2020 saw the release of the “Bernabe Jurado” EP, another conceptual work, inspired by the true story of the author William Burroughs’ murder of his wife, Joan Vollmer in a drunken game of William Tell. Burroughs was subsequently defended by the lawyer Bernabe Jurado, who gives his name to the recording. Other sources of inspiration are the macabre short stories of Katherine Dunne and musician Steve Earle’s ‘Southern Gothic’ novel “I’ll Never Get Out Of This World Alive”.  Made available in a variety of different formats it was unfortunate that this particular release slipped under most people’s radars due to the pandemic. My review of the EP, from which much of the above text has been sourced, can be found here;

“Ex Voto” is also a conceptual affair, again inspired by Simmons’ love of literature. It draws inspiration from the writings of the 19th century British author Samuel Butler (1835 - 1902) and particularly the satirical / dystopian novel “Erewhon”, first published in 1872. A quote from the novel is reproduced as part of the album packaging. Reading between the lines it struck me that the band Roller Trio may have derived their name from this same passage, but I digress. The album title “Ex Voto”  ( a Latin phrase meaning ‘an offer given in order to fulfil a vow’)  is sourced from another of Butler’s works.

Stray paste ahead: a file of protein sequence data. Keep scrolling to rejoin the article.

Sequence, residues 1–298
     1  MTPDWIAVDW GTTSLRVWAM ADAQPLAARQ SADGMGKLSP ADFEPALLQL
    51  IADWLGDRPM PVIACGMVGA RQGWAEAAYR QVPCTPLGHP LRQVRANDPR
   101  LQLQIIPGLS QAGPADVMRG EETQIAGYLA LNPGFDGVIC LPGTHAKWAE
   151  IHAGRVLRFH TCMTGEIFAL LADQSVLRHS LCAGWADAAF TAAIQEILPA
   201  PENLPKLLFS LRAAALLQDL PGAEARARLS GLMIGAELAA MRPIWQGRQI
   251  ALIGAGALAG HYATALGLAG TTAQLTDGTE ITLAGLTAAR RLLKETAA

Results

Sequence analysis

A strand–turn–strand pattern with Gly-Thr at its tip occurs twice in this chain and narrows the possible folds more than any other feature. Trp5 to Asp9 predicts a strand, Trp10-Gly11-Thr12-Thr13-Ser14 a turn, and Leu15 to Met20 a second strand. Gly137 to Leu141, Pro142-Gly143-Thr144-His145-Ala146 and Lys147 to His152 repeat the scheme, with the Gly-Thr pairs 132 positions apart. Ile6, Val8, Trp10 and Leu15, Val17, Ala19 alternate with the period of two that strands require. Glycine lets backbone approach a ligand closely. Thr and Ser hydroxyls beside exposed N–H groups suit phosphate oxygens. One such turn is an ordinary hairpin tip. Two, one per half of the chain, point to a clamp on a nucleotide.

Simmons, Montague and Scott recorded their parts in isolation, but they don’t view “Ex Voto” as a ‘lockdown’ album, as a brief liner note explains;
“We would have recorded this album in multiple locations and through remote sessions even if the global pandemic hadn’t occurred, and in that respect we don’t see this as a ‘lockdown album’, but one which has been accelerated by the time afforded us during 2020”.

The album features eleven new compositions from Simmons and features a characteristic blend of acoustic and electronic sounds.  Simmons has long been interested in electronic music and also records pure electronica under the name Harlequin. He has also recorded two albums with the Anglo-Norwegian electro-jazz trio Eyes of a Blue Dog, featuring vocalist Elisabeth Nygard Pearson and drummer / sound artist Terje Evensen. He also led the sadly now defunct large ensemble Fringe Magnetic, with whom he also released two albums.